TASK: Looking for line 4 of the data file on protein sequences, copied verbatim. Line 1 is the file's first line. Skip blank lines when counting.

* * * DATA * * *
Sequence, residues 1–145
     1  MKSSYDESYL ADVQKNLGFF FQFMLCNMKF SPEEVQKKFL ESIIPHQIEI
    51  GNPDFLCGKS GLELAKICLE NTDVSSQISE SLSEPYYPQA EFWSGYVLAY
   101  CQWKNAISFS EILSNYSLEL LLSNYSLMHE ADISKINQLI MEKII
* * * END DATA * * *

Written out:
   101  CQWKNAISFS EILSNYSLEL LLSNYSLMHE ADISKINQLI MEKII